NWMO's list of communities is narrowing - Creighton remains

Then there were 13

Creighton is among a dwindling number of communities potentially in the running to store Canada’s nuclear waste.

Earlier this month, the Nuclear Waste Management Organization (NWMO) removed the Ontario town of Brockton from further consideration.

“The project has the potential to be a divisive issue, which could exacerbate pre-existing tensions within [Brockton],” said NWMO spokesperson Mike Krizanc.

Krizanc said preliminary assessment studies found that while nuclear waste storage “has potential to foster well-being for many in the community, it does not fit the vision of some members.”

Stroked off

Brockton became the fourth community to be stroked off NWMO’s list in 2014, bringing the total number of communities still learning about the project to 13.

NWMO was initially in talks with 22 communities, including three in Saskatchewan and 19 in Ontario. Creighton is the only Saskatchewan community still participating.

Of the 13 communities left, six are in the second phase of the learning process, including Creighton and the Ontario communities of Ignace, Schreiber, Hornepayne, South Bruce and Huron-Kinloss.

Seven Ontario communities remain in the first phase of the process: Manitouwadge, White River, Blind River, Elliot Lake, The North Shore, Spanish and Central Huron.

Krizanc said NWMO expects to announce results of preliminary assessments for six of those seven communities – the exception being Central Huron – in early 2015.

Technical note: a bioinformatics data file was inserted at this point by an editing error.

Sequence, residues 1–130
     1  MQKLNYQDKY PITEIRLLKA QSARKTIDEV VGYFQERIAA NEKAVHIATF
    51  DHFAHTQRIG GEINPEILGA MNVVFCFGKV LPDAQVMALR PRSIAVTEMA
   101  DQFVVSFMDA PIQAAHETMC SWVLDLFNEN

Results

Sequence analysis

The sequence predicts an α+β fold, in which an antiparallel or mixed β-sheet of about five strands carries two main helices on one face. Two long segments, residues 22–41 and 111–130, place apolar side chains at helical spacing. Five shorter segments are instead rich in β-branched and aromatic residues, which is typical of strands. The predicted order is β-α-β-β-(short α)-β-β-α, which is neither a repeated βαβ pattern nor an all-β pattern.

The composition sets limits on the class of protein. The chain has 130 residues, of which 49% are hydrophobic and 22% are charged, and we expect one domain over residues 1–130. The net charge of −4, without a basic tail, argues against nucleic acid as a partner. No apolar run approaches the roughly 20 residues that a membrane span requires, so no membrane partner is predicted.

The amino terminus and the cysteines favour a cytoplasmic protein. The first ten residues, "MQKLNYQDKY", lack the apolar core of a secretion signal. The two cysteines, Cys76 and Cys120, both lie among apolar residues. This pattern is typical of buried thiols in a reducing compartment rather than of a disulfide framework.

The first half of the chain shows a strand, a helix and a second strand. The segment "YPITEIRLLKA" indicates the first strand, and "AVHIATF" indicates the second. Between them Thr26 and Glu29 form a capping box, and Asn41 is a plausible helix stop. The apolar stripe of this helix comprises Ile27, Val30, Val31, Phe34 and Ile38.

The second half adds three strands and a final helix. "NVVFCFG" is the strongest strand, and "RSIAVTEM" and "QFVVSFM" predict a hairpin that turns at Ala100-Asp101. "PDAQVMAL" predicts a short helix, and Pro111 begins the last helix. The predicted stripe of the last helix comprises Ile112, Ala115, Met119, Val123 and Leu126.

Central Huron advanced to its current phase this past fall, so work is just getting underway, he said.

Previously removed from consideration were Red Rock, Ear Falls, Wawa, Arran-Elderslie, Saugeen Shores and Nipigon in Ontario, and English River First Nation and Pinehouse in Saskatchewan.

Along with Brockton, Arran-Elderslie, Saugeen Shores and Nipigon have been taken out of consideration in 2014.

Neither Creighton nor any of the other remaining communities have applied to host NWMO’s planned underground repository to store spent – but still radioactive – nuclear fuel rods.

Supporters of the repository concept point to promised economic benefits and research suggesting the project poses no legitimate danger to human health.

Opponents counter that money isn’t everything and that the science is not settled on whether the repository is a safe proposal.

Civic leaders have urged residents to research the issue and decide for themselves whether a repository makes sense for the region.

A committee of volunteers, known as the Community Liaison Committee, oversees Creighton’s involvement with NWMO with regular meetings open to the public.

At the committee’s most recent meeting, held last month, NWMO engineer Chris Hatton said the movement of nuclear waste to the repository will be governed by international regulations.

Stressing safety as top priority, Hatton said that in the decades such material has been transported on earth, not once has an accident resulted in a breached container.

But a tense moment came when NWMO officials were asked why Creighton is still being considered given opposition from two of three First Nations with traditional claims on the territory being looked at.

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